BYU students and alumni react to Trump’s conviction

Former President Trump appears in Manhattan criminal court during jury deliberations in the hush money criminal trial in New York, Thursday, May 30, 2024. BYU students and alumni shared their thoughts on the guilty verdict and what it means for the upcoming presidential election . (AP Photo)

Readers of The Daily Universe shared their thoughts on former President Donald Trump’s criminal conviction and how it affected their approach to the upcoming presidential election.

On May 30, Trump became the first former president in history to be convicted of a crime. Trump was found guilty of falsifying business records, which illegally influenced the 2016 election through hidden payments. The jury convicted him on all 34 counts.

Hayley Anderson, a recent BYU Minnesota graduate, said she was shocked by the verdict.

“I was hoping I could get a conviction, but I expected him to get out of it somehow,” Anderson said. “The most surprising thing for me was that he was found guilty of all 34 charges. I expected at least some of them to be thrown out, but the fact that the jury convicted him on all 34 is disturbing.”

Others, like recent Massachusetts graduate Bennett Graff, weren’t surprised by the process.

“It’s nice to see this conclusion reached by a jury of his peers and not just something that’s reported on the news, because it’s ridiculous to constantly have to deal with him and his base acting like everything he did was wrong , was just a matter of opinion or that his political opponents were out to get him,” Graff said. “I just want him to be held accountable.”

BYU graduate Sharon Christman Hodges shared her belief that the trial judge and district attorney had a political agenda.

“The judge donated to Biden. The judge’s daughter made a lot of money from her father’s trial. And the district attorney conducted his election after finding the charges indicting Trump,” Hodges said. “Political War”.

Utah law prohibits convicted felons from running for office. However, the United States Constitution does not contain similar provisions for presidential candidates. The partisan declaration of presidential candidacy only requires people to meet the listed requirements.

Mary Singer, a political science student from Connecticut, expressed her distaste for the legislation.

“I really hate that convicted felons are allowed to run for president. Felons are barred from voting in many states (including Trump’s home state of Florida), and felons are also barred from visiting a significant number of countries, including some major U.S. allies. “I personally do not support disenfranchising convicted felons, but I also believe they should not be allowed to serve as president or hold public office,” Singer said.

According to other students, the problem is not the Constitution itself, but the current state of American politics.

“The fact that the Constitution does not prohibit criminals from running for president does not bother me,” says Dr. Hab. said student Zacory Shakespeare. “The founders believed that people would not vote for a felon, so they did not feel it was necessary to create a law prohibiting it. “I think the fact that they got it wrong 200 years after the fact is a testament to how strange our current political situation is, not a failure on the part of the founders.”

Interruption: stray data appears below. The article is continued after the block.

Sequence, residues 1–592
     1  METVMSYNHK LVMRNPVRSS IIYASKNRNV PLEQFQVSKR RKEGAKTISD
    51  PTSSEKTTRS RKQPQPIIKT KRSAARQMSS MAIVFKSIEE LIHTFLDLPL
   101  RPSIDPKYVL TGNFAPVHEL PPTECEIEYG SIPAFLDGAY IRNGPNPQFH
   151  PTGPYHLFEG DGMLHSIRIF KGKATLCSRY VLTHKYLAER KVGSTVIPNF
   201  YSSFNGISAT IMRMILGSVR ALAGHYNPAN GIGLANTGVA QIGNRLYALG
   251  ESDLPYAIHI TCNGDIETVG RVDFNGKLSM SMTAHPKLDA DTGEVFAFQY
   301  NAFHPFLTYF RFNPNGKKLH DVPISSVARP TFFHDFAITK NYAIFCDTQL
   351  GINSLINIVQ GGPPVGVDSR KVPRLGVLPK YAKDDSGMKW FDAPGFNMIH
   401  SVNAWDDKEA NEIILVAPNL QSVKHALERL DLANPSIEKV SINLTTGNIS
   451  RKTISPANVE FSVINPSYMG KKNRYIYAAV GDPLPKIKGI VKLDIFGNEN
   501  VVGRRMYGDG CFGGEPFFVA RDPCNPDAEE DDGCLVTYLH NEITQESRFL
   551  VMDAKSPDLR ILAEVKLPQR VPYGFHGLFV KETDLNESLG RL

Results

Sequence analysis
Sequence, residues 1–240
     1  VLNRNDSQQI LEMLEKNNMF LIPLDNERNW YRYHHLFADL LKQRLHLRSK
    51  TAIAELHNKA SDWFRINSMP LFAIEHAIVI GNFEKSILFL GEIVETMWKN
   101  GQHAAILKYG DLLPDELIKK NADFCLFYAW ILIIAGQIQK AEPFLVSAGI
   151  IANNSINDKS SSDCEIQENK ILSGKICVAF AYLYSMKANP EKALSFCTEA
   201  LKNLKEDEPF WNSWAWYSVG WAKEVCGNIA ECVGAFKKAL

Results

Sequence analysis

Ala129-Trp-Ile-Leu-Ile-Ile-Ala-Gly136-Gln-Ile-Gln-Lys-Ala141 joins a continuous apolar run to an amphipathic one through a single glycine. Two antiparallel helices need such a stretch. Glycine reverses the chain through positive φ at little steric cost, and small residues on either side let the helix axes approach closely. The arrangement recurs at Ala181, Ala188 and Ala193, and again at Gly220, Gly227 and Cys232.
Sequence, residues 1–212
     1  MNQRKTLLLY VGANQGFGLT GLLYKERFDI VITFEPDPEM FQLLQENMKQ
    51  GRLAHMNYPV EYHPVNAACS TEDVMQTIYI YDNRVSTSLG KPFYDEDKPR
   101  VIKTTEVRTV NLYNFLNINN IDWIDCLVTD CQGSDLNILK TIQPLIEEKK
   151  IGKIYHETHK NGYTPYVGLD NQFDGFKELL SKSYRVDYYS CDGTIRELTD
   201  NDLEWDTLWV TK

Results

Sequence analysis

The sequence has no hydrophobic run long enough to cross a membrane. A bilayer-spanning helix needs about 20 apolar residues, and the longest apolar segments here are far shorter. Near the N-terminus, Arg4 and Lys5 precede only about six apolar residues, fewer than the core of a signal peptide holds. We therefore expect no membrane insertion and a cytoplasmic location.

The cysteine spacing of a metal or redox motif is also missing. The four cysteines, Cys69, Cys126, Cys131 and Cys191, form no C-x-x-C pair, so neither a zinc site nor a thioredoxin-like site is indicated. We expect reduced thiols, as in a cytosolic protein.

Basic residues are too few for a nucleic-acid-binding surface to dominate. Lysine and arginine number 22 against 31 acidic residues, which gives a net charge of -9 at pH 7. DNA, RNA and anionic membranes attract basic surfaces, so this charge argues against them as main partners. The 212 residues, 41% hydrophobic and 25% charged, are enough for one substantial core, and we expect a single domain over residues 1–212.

Anderson explained that she believes the law creates a difficult situation.

“I tend to believe that being a felon should not automatically disqualify you from running for office,” Anderson said. “If a crime shows that a candidate would misbehave in office, he or she should be barred from running. … Trump’s actions reflect poorly on his priorities in office, his respect for the laws of the land, and his ability to lead the United States.”

Hodges also believes that the Constitution should not be changed, but for different reasons.

“The Founding Fathers were very wise and wrote the Constitution through divine providence,” Hodges said. “Maybe they didn’t mention a convicted felon running for president because one day there could be fraud and the weaponization of the Justice Department.”

When talking about how this belief will change voting preferences in the upcoming fall presidential elections, individuals expressed the opinion that they mostly remain the same.

“I did not vote for Trump in 2020 and I do not intend to do so in November. I consider him a threat to the rule of law,” Shakespeare said. “I don’t like Biden either, but I think democracy is safer with an octogenarian who has a significant risk of death while in office than with a man who has proven time and time again how much he despises democracy.”

Graff echoed a similar sentiment, sharing his distaste for both candidates.

“Frankly, I believe that both Biden and Trump are terribly morally bankrupt leaders, and if it weren’t for the immediate threat Trump poses to reproductive rights and a number of other incredibly urgent issues we face, I would vote for a third party,” Graff said.

Singer said she hoped the conviction would influence independent voters who are not committed to a single candidate but still fear about the future of American democracy.

“I am concerned about the precedent set by this convicted criminal’s election, especially how he and his supporters handled his conviction – ignoring the rule of law and calling it a violation of justice, losing support for the institution of democracy,” Singer said.

But for citizens like Hodges, the process has given more reasons to vote for Trump in the 2024 election.

“It makes more people like me want to vote for him because we see the political injustice he goes through,” Hodges said of the trial. “So he has my vote in November 2024.”